Some of the students spoke with more emotion and expression than I expected. Not because they're not capable of it but I just thought they might be shyer.
KELLY: Let's listen to another student, Steele Kowalczyk, who's a great example of a student who really brought his reading to life, even the special voices for the characters. Even if you don't understand Italian and you'll hear what I mean.
STEELE KOWALCZYK: [Reads in Italian].
LINDSAY: We wanted them to do that as much as possible to really understand the intonation and tone in the text itself and express that, and they really did, they really stepped up.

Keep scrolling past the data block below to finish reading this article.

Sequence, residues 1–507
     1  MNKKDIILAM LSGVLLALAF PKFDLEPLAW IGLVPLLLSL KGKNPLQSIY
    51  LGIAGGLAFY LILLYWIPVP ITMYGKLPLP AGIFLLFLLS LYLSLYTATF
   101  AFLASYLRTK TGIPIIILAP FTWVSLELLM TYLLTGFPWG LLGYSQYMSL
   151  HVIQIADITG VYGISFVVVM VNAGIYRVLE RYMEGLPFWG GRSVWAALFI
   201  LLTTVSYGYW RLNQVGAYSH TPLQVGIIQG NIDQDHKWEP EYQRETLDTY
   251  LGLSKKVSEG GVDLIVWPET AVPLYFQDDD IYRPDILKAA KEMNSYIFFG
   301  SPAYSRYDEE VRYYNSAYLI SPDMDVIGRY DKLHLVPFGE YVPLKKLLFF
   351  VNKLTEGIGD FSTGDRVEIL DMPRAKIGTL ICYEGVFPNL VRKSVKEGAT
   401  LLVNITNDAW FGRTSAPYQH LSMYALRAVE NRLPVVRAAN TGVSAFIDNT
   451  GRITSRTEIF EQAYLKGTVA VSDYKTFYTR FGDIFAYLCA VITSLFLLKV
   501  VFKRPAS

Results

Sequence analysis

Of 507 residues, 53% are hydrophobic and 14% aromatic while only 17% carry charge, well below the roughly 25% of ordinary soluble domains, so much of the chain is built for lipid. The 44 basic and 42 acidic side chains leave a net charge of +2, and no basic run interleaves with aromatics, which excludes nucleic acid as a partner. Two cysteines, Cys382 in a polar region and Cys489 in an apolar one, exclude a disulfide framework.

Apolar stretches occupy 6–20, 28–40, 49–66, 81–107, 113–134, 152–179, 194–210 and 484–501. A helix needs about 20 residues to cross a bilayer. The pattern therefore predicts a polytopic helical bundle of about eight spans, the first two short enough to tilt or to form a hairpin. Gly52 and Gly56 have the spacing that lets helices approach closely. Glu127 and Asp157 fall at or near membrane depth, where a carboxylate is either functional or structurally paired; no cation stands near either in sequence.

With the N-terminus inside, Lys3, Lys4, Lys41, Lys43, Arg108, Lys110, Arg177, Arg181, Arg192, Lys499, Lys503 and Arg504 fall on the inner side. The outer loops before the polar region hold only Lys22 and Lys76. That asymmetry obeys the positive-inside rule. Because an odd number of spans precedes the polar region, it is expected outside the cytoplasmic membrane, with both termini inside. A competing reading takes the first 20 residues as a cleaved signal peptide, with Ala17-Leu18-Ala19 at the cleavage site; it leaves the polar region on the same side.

KELLY: Lindsay, what would you change the next time you do this project?
LINDSAY: So, it would be great to have student feedback worked in along the way and, if possible, to do something, maybe something where they even recorded together, or a certain section, so that there's more collaboration. I think they would actually enjoy that as well because, you know, over the course of the class you they end up working in groups or pairs a lot, when they find people that they work well with together and I think that they would have - that thing where they really stepped up with the acting - I think it would more alive if they were doing it together.
KELLY: There are a lot of benefits to a project like this, aside from improving pronunciation